As some will know, the Botanic Gardens have submitted a retrospective ammendment to their planning permission for the (already errected) Botanic Cottage. The Society has submitted a comment to the Council as follows:
The project to reconstruct the Botanic Cottage has clearly produced some worthwhile benefits and the Society has been broadly supportive of several of its objectives. However the Society is concerned that the appearance of the North elevation as built conflicts with the character of the Conservation Area.
The ramped access and the wc doors are unduly predominant features of the elevation as viewed from Inverleith Place. As built, the ramp is closer to the boundary railings than in the original permission and changes to the door openings also result in a greater visual impact.
The landscaping and planting as executed will not screen the elevation satisfactorily for many years. The yew hedge planted inside the railings will take at least ten years (perhaps longer) to reach the height indicated on the planning application drawings and before it could be regarded as providing a satisfactory visual screen. The omission of the hedge planting to either side of the North access is also unhelpful in this respect.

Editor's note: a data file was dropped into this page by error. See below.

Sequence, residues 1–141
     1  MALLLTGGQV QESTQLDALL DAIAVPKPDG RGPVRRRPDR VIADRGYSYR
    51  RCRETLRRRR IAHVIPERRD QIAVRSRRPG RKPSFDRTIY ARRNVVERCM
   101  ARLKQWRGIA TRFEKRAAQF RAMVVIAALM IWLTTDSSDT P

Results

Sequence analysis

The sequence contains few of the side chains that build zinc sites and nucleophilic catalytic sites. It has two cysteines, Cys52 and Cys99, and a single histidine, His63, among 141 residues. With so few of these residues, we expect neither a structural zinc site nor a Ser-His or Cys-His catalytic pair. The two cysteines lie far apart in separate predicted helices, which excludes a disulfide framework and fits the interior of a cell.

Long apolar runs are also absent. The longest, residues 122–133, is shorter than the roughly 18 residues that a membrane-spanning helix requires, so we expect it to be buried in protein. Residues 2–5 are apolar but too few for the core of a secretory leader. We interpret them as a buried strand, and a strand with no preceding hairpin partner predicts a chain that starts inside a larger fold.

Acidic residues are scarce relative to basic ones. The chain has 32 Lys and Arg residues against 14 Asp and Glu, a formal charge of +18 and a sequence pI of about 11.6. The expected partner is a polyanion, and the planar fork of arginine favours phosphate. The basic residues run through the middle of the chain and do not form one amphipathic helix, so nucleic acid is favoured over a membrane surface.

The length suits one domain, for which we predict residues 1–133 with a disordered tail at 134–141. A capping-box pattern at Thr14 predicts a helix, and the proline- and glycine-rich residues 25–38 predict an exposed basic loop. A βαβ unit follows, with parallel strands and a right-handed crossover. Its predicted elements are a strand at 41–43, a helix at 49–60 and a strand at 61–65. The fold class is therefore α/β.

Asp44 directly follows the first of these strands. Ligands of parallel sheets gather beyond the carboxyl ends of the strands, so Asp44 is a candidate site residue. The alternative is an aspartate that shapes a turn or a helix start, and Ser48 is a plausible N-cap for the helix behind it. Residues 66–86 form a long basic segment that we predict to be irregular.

Whereas the design of the rest of the exterior is clearly shaped by the desire to achieve an historically appropriate reconstruction, the North elevation is treated as a completely subsidiary element of the project incorporating a cluster of modern era service functions. This has resulted in an unsightly elevation which presents an entirely unsuitable frontage to the public footway of one of the principal streets of the Conservation Area.
The Society considers that approval should only be granted for this application subject to an enforceable condition requiring the immediate creation of some substantial visual screening between the North elevation and the boundary railings. Suitable screening could be either constructed or planted, or it might be a combination of both, but it should have sufficient height and substance to mitigate the negative visual impact of the North elevation when viewed from Inverleith Place.